Key Steps to improve and measure clinical outcomes Maria Ryan, PhD, APRN CEO Cottage Hospital
Definition of terms Institute of Medicine defines quality of care as : “The degree to which health care services for individuals and populations increase the likelihood of desired health outcomes and are consistent with current professional knowledge” • Quality measures assess three levels of health care and its intended results: • Structure measures - sufficiency of resources and proper system design. • Process measures - interaction between the patient and the provider. • Outcome measures - description of how the care delivered affects the patient’s health, health status and function.
Fundamentals of QI Process “The degree to which healthcare services for individuals and populations increase the likelihood of desired health outcomes and are consistent with current professional knowledge.”
Development, testing, and implementation of a measurement and feedback plan during a typical QI Project
Key change strategies for success • Senior leadership commitment enables a shift from a ‘project view’ to a strategic vision. • Each level of change will require different motivators and incentives. • Accountability, follow-through and follow-up • In health care, spreading improvement depends on: • key individuals, • the primary messenger, • and the ‘target’ of the message.
CMS Beginning in 2014, all providers are required to report their approved clinical quality measures (CQMs) in order to demonstrate meaningful use and be required to submit CQMs electronically. • CMS selected all CQMs to align with the Department of Health and Human Services’ National Quality Strategy priorities for health care quality improvement. These domains include: • Patient and Family Engagement • Patient Safety • Care Coordination • Population and Public Health • Efficient Use of Healthcare Resources • Clinical Processes/Effectiveness CQMs measure many aspects of patient care including: health outcomes, clinical processes, patient safety, efficient use of healthcare resources, care coordination, patient engagements, population and public health, and clinical guidelines.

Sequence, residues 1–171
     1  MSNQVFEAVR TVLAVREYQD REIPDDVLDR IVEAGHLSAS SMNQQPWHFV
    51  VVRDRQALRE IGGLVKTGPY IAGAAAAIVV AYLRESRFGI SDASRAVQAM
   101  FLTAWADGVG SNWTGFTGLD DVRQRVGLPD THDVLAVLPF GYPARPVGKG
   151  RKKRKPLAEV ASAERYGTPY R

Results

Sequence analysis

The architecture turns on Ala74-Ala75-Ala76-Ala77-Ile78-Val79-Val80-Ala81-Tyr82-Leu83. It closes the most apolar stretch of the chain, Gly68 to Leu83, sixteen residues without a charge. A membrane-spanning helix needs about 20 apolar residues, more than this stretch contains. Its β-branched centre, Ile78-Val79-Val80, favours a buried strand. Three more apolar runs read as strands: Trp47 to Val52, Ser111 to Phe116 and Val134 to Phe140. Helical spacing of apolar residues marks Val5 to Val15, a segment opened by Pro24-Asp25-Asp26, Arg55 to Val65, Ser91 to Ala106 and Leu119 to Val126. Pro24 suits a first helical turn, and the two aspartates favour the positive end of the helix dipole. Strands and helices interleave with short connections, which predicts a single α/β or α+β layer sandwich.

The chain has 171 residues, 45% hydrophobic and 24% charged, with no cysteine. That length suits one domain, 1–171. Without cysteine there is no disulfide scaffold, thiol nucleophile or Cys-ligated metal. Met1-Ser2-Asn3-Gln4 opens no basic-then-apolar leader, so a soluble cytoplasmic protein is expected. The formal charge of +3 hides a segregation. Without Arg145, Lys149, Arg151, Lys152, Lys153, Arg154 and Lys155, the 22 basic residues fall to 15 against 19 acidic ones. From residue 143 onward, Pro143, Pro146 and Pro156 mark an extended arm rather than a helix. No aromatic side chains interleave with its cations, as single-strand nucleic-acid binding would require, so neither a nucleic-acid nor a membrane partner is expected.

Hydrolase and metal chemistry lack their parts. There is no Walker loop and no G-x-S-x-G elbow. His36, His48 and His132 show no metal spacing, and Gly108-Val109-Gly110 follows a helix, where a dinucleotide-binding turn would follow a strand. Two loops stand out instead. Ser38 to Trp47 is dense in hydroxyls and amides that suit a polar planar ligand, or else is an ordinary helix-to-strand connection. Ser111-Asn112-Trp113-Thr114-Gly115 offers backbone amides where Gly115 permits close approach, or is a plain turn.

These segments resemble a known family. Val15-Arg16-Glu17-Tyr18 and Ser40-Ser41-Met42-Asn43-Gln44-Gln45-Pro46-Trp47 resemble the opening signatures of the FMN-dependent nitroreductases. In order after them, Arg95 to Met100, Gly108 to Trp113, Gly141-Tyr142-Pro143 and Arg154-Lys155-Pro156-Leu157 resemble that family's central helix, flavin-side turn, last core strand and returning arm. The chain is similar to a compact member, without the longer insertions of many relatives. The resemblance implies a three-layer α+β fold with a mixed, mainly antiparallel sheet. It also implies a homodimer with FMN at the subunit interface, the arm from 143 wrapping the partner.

Eliminating Harm Harm – an injury in association with medical care (including the absence of indicated medical treatment) that requires or prolongs hospitalization and/or results in permanent disability or death. New Hampshire Partnership for Patients GOAL: New Hampshire hospitals will work collaboratively to eliminate those instances of patient harm by 2015 that could have been prevented if the evidence-based processes and systems known to improve patient safety had been implemented and followed.
Eliminating Harm New Hampshire Partnership for Patients • 1st state in the country: All CEOs and Governing Boards of all 26 NH hospitals commit to collaborate to achieve safe care. • Eliminate central line blood stream associated infections. • Bring the patient safety checklist from the operating room to all procedure areas. • Statewide Hand Hygiene Campaign • VTE Prevention
Total harm Total Harm = Readmissions + Adverse Drug Events (ADE) + Falls with Injury + Hospital Acquired Pressure Ulcers (HAPUs) Stage III & IV + Catheter-Associated Urinary Tract Infection (CAUTI) + Central Line-Associated Blood Stream Infections (CLABSI) + Ventilator-Associated Pneumonia (VAP) + Surgical Site Infection (SSI) + Early Elective Deliveries (EED) + Venous Thromboembolism (VTE) + OB Harm • In 2011, New Hampshire Partnership For Patients began collaborating to eliminate harm. The baseline for Total Harm in 2011 was 30.1%. As of December 2013, New Hampshire is just under 10%. • Cost Savings To-Date for the healthcare system = $12,664,100* • *Based on CMS data research
Central Line Associated Blood Stream Infections (CLABSI) • From 2011 through Sept. 2013, NH has seen 58.5% reduction in CLABSI • Cost Savings To-Date for the healthcare system = $ 95,000* • * Based on CMS data and research